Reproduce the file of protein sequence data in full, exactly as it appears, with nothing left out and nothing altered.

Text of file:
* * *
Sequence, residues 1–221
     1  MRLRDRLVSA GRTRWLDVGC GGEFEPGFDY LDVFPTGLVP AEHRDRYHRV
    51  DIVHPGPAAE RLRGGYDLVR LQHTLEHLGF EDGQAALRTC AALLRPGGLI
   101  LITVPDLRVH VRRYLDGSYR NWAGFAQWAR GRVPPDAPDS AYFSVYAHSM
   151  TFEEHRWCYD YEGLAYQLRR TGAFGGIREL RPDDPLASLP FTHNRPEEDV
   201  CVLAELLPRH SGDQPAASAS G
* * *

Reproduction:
Sequence, residues 1–221
     1  MRLRDRLVSA GRTRWLDVGC GGEFEPGFDY LDVFPTGLVP AEHRDRYHRV
    51  DIVHPGPAAE RLRGGYDLVR LQHTLEHLGF EDGQAALRTC AALLRPGGLI
   101  LITVPDLRVH VRRYLDGSYR NWAGFAQWAR GRVPPDAPDS AYFSVYAHSM
   151  TFEEHRWCYD YEGLAYQLRR TGAFGGIREL RPDDPLASLP FTHNRPEEDV
   201  CVLAELLPRH SGDQPAASAS G